Source: Medical Disability Advisor



Treatment

Immediate medical treatment for acute subdural hemorrhage includes establishing a patent airway and maintaining an adequate blood oxygen level and blood pressure. As soon as a definitive diagnosis of subdural hemorrhage is made, the brain is decompressed by opening the skull (burr holes or craniotomy) to remove any blood or blood clots beneath the dura. Any active bleeding is stopped and the brain examined. Once the individual's condition stabilizes, treatment becomes supportive and focuses on treating any underlying medical conditions. Many persons with chronic subdural hematomas can be monitored by CT scan and their hematomas spontaneously resolve without surgery.

Source: Medical Disability Advisor



Prognosis

Individuals who have an urgent craniotomy performed to evacuate a subdural hemorrhage often recover with minimal or no significant permanent brain damage. However, some individuals will have a persistent headache, memory loss, difficulty concentrating, and infection. Seizures occur in as many as 10% of individuals (Scaletta).

The mortality rate is related to the time interval between injury and surgery. The death rate is roughly 20% for acute subdural hematomas in which the brain is not injured, but with subdural hematomas in which the brain sustains a cut or contusion, roughly half of individuals die; half of patients with subdural hematoma have chronic subdural hematoma (Scaletta).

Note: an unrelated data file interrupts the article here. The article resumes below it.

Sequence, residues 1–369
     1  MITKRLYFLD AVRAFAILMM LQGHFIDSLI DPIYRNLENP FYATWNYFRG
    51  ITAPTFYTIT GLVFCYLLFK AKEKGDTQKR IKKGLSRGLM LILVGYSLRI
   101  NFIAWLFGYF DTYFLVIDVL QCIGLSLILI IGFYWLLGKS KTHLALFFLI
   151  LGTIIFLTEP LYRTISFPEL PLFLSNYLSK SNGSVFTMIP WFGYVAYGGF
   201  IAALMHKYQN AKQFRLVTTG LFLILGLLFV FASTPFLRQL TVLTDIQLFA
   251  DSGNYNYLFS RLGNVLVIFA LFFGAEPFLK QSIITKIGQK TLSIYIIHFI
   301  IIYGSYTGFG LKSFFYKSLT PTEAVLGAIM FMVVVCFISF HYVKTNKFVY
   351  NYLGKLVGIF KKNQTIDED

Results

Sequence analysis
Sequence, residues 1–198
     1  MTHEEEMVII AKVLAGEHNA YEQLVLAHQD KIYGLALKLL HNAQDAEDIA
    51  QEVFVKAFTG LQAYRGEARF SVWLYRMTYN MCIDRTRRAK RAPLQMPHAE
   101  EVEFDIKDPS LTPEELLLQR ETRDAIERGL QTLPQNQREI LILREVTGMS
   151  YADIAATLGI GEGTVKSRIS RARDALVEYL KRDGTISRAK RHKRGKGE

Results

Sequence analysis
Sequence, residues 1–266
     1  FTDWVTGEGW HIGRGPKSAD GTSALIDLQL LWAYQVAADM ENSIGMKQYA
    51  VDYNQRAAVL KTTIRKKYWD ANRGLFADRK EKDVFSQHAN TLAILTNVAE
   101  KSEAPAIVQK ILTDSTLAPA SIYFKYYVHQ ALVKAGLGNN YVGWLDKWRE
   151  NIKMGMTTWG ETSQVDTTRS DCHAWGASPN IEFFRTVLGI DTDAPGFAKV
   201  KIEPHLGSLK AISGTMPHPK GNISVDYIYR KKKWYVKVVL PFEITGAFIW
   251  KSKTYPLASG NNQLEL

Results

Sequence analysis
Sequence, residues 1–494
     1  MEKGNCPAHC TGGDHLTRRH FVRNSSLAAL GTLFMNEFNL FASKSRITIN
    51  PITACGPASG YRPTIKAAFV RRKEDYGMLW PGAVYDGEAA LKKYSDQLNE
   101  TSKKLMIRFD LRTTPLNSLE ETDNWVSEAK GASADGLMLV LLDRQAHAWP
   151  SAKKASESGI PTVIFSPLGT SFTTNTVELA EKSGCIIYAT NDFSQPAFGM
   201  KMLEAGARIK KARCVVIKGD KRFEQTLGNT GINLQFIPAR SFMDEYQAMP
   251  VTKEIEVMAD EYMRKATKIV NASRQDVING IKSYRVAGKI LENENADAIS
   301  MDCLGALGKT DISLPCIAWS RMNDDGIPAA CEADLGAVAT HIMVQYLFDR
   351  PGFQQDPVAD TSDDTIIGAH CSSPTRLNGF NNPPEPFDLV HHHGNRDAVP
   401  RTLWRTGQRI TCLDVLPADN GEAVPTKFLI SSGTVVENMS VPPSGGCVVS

Source: Medical Disability Advisor



Rehabilitation

Individuals who sustain a subdural hematoma may present with a variety of physical and cognitive disabilities, depending on when the hematoma is detected. Individuals with early detection will suffer less severe deficits due to surgical intervention that minimizes brain injury. Since subdural hematoma is a secondary injury resulting from an initial brain injury such as a contusion, individuals need to be treated by physical, occupational, and speech therapists, as well as neuropsychologists, vocational counselors, and social workers. Individuals with poor motor control of the facial muscles may require speech therapy to improve clarity of speech and increase their safety in swallowing. Rehabilitation on an inpatient and outpatient basis continues until maximum restoration of function or adjustment to loss of function is attained.

Source: Medical Disability Advisor



Complications

Herniation of the brain may occur, leading to coma or death. Seizures may be a long-term complication. Weakness and/or paralysis of one side of the body can occur.

Source: Medical Disability Advisor



Ability to Work (Return to Work Considerations)

Some individuals who survive a subdural hemorrhage may have a permanent decrease in their thinking and reasoning abilities that prevents them from returning to the job they performed before the injury. These individuals may be retrained in other positions. Individuals recovering from a subdural hemorrhage may also have a change in personality that prevents them from fulfilling the responsibilities of their former position. These individuals may need to be retrained in positions that better accommodate their new personalities. Following evacuation of a chronic subdural hematoma, there may be gradual significant improvement in an individual's neurologic status, allowing him or her to resume ordinary or modified work activities.